Pictures: Nicki Antognini
Words: Dries Meesschaert
Location: Hossegor, France
Thanks to: Maxou for presenting his great work. We wish you all the best for the future and keep the fun flowing.
I hope to have inspired you and help you discover new things.
Since we were in Hossegor for a well-deserved holiday last week (read our latest article), we couldn’t leave without hooking up with a dear local friend. Maxime Badets was born and raised around Europe’s center of surfing and therefore made the perfect guide for this awesome place. He’s only 18 years old but has a shitload of creative projects going on, so Maxime is the perfect subject for our newest article. This young entrepreneur manages to combine his schoolwork with his own surfboard shaping lab and a bunch of successful filmmaking projects. Impressive, right? I met Maxime last year in his workshop, when a friend of mine went to pick up his customized SOCATOA surfboard. I instantly felt a connection with this guy, so I thought it was a good idea to introduce my friend to our readers. What better way to do this than to let him speak for himself through an interview?
Maxime, we’ve been following you around in your hometown for two days. You grew up around Hossegor. This French town is known as Europe’s surf Mecca. Basically this means that surfers have always surrounded you. At what age did you pick up surfing and why did you start?
Hi! Yes, it was awesome to have you guys here in my little world! Well, I started surfing at the age of 10 – 11 years, which is really late for someone who grew up here.. I played a lot of different sports during my childhood but surfing was the only one that gave me a feeling of freedom and the ability to escape. I fell in love with this scene thanks to a really good childhood friend. He was the one who put me on one of his boards for the first time. After that, my mom forced me to join the lifeguard school, to prevent me from drowning, haha!
We’ve seen you ripping in the water, as well as in your workshop. When did you get interested in the art of shaping surfboards?
Let’s say that I’m more comfortable with my hands than with my feet. I started getting interested in shaping when I was about 15 years old. In the past few years I met some nice people who helped me evolve in my means of production. I guess you could say that when I got to be about 17, I could consider my work as an “art” rather than a basic production of objects that slide. This has all been evolving really well, thanks to a lot of criticism, positive as well as negative! I’m hoping to succeed in my goal, which is to work in different places in the world, by producing a series of unique boards in my signature style.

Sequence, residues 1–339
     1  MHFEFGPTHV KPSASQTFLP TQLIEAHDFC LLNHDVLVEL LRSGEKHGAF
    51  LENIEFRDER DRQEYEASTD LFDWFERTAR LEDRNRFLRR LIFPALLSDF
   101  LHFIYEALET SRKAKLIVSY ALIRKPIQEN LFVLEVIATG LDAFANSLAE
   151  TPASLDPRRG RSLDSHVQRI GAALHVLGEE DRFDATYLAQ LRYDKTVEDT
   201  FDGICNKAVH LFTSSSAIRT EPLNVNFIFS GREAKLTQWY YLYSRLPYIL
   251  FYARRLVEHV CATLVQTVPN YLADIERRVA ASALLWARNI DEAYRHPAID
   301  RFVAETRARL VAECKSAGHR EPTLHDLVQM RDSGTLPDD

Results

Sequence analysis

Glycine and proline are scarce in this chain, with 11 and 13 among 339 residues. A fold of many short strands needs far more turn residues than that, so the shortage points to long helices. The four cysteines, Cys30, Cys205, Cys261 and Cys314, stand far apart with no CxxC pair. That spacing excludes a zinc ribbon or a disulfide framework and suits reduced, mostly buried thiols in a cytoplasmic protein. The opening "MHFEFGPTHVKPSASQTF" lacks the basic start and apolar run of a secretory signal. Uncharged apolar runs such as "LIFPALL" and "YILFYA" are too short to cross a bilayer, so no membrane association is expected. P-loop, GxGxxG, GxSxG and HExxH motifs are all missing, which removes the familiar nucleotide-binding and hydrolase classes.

My work process around a surfboard evolves in three essentials steps: first comes the hand shaping part, where I have to design with precision the look of the board, then comes the glassing, which is the step where colors come along and where I can get very creative, and last but not least comes the sanding , where the board gets the final touch.
Where does the name SOCATOA come from? What does it mean to you?
A lot of people assume it’s derived from a stupid mathematic memory aid that makes trigonometry a little easier (SOHCAHTOA), and well, yeah, that’s actually it! Hahah. I wasn’t really a professional when it comes to mathematics but this word really kept hanging in my head. So I decided to ditch the letter “H” in the word, because phonetically they don’t really make sense anyway. So that brought me to SOCATOA. It’s all just a reminder of my education. Although I wasn’t a really passionate student, going to school taught me new stuff each day no matter what.